Summer didn’t bring the drought. It’s been here since December, when the wells began drying.
Queuing men, women and children fill their red and blue cans with water from a black pipe in a corner of a barren field. The line is unending: many are returning with emptied cans to refill them and head home again — on foot, or on a bicycle or bullock cart.
“We are spending more time fetching water than doing anything else right now,” says Shekhappa Kushabhau Kamble, a middle-aged farmer.
As long as the power supply lasts, water will gush non-stop through this bore-well. “Maybe 8-10 hours a day,” says Dattatraya Shankar Sawant, 40, the owner of the farm and the bore-well.
His private bore-well is the only source of water now in Madgyal village, or within miles of it. Madgyal is lucky: other villages depend on the government’s water tankers whose irregular visits leave households with three or four full cans that must last four days — sometimes eight.
His bore-well, Sawant says, will be a lifeline for him and others in Madgyal for the next month or so till the rains arrive in July-end.
The signs of distress become more acute as you travel eastward through this drought-hit Jath tehsil in Sangli district’s east. Since winter, the 5,000 water-craved villages have been facing one of the worst droughts in recent times.
March kicked off water rationing and distress sale of cattle. Hordes of landless and small farmers migrated with their cows, buffaloes and sheep. By April, the situation had come to a boil. The villagers have now set strict dos and don’ts.
No using home toilets (every house in Madgyal has one): go to the fields instead.
No baths for humans or cattle, just a wipe with a wet towel. Drink sparingly. Share, if you have extra. That’s what Sawant is doing — he’s sharing his water.
The well-off dairy farmer, who doubles as a stringer for a Marathi daily, had struck pay dirt last December in the southeast corner of his three-acre farm. When the bore he had commissioned hit a depth of 350 metres, he struck a water source that hasn’t dried up even after being tapped for 8-10 hours every day since.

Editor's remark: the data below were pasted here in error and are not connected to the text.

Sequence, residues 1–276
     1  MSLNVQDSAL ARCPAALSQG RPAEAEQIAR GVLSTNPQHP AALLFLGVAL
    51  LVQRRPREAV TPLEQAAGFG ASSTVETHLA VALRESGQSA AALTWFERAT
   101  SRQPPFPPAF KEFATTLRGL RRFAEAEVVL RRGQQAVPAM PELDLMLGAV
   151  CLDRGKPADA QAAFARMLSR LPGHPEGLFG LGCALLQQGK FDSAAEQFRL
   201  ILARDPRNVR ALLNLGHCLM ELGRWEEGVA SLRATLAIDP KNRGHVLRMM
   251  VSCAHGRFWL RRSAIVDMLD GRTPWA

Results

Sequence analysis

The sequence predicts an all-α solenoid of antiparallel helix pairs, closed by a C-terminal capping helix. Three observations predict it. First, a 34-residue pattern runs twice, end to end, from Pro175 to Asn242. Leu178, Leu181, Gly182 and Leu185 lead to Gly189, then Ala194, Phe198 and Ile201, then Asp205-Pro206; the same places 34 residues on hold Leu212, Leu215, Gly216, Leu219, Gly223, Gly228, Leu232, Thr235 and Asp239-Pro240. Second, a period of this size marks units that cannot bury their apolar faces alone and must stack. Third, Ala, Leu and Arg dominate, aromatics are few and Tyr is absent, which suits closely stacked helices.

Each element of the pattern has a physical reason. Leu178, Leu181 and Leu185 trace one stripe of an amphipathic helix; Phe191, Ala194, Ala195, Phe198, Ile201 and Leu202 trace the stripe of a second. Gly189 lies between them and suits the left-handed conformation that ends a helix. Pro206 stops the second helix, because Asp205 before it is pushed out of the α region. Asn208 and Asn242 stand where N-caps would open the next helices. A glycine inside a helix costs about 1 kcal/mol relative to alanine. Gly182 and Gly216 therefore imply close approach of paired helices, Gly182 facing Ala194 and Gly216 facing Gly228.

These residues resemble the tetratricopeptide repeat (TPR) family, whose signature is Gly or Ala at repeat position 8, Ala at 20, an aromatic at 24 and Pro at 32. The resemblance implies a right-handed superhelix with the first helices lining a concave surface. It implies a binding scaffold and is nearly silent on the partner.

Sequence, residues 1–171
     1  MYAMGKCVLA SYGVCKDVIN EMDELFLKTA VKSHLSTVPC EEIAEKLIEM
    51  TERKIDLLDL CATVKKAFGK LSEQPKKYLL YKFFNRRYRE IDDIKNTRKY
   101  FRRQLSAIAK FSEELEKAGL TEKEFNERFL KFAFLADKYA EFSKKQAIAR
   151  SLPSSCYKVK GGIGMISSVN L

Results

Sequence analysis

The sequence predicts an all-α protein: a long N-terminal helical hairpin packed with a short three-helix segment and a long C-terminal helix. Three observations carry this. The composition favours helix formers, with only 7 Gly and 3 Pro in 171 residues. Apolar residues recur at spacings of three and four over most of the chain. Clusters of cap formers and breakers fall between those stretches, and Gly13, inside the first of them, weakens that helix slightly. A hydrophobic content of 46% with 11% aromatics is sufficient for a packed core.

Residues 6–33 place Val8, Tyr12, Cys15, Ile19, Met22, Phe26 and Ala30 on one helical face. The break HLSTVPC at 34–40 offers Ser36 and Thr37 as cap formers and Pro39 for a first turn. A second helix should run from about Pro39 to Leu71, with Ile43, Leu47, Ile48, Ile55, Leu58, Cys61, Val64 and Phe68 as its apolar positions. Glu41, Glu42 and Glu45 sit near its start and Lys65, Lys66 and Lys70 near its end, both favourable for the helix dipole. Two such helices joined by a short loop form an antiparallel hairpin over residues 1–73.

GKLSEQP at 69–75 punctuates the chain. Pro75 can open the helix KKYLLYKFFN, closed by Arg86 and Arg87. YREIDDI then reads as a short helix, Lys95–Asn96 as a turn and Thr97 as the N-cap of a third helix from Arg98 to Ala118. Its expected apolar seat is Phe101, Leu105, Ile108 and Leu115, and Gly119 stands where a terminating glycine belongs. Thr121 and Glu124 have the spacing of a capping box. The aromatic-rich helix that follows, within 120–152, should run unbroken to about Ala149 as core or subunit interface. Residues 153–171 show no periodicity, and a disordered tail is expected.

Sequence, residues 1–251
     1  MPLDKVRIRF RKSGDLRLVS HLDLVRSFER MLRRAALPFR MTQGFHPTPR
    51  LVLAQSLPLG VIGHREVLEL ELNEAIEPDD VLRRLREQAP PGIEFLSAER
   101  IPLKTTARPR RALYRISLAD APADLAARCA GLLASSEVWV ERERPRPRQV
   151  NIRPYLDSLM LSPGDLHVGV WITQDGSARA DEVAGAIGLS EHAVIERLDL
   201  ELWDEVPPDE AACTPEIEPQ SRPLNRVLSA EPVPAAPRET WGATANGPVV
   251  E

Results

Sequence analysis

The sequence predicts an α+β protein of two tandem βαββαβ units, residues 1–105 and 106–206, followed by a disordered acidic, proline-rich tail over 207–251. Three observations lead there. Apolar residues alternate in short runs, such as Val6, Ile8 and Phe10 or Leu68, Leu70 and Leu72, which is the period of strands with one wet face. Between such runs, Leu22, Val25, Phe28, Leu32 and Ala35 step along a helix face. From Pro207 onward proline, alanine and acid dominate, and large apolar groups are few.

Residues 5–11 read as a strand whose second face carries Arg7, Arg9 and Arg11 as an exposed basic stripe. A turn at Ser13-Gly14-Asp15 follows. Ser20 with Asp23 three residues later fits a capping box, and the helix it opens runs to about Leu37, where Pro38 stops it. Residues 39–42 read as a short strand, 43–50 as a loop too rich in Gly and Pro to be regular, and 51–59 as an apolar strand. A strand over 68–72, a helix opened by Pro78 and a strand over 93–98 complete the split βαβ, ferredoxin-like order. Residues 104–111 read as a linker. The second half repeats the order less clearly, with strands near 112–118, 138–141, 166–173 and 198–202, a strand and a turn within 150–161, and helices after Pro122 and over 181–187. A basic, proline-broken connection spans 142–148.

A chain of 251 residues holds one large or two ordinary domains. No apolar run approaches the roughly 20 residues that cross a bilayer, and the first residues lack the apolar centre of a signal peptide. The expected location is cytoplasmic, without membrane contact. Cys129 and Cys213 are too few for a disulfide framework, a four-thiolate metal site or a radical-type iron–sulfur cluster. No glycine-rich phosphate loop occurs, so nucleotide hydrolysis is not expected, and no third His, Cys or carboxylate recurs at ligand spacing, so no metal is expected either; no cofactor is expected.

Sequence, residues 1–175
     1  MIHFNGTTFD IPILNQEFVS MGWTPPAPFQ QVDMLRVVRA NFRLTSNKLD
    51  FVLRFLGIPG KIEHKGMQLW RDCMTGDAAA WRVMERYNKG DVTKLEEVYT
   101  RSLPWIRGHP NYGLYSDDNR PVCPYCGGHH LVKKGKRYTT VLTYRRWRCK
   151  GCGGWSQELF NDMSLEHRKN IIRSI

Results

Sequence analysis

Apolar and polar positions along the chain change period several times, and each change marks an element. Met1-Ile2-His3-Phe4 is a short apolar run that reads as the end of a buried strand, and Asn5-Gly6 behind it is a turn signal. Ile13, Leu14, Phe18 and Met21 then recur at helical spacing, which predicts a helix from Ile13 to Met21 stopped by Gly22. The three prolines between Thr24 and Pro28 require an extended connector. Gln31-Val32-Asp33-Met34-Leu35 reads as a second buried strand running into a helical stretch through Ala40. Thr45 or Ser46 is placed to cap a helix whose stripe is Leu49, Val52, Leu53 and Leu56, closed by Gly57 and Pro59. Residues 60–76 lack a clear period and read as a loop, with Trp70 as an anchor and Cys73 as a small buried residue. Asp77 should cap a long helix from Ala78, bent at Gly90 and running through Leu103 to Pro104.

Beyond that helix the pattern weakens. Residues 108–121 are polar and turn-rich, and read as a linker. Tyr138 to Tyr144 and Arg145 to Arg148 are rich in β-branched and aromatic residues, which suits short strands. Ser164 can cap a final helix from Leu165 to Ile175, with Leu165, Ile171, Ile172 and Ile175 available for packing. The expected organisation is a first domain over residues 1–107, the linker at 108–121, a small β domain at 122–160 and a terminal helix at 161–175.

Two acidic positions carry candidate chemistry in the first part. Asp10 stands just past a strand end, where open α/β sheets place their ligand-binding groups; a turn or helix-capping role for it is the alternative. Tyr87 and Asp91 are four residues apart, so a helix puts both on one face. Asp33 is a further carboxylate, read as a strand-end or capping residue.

Fellow villager Janba Salunkhe’s gamble didn’t pay off, though. He has failed to coax a single drop out of the parched earth even after spending more than Rs 10 lakh.
If he isn’t broke, Salunkhe says, it’s thanks to his dairy business and a small tea-snacks shop that bring a steady income even during the worst droughts. Many others too ran into debt digging bores, so the deeply religious Sawant counts himself lucky.
He could have raised a grape orchard or planted a summer vegetable crop to earn good money, but he decided to leave the field barren so the water could quench the needs of fellow villagers.
“It can’t be my water when there’s no water anywhere,” Sawant says.
For most villagers across drought-hit western Maharashtra, water is a luxury. “The clouds just pass us by,” Sawant says.
The 100-mile-wide “rain shadow” zone from Dhule in the north to Sangli is a natural paradox, sandwiched between areas that receive very high rainfall — 3,000mm plus along the Western Ghats — or at least an assured 700-1,300mm.
Sometimes a single district witnesses extreme disparity: 3,000mm in the western parts of Sangli and Satara; an erratic 300-500mm in the east.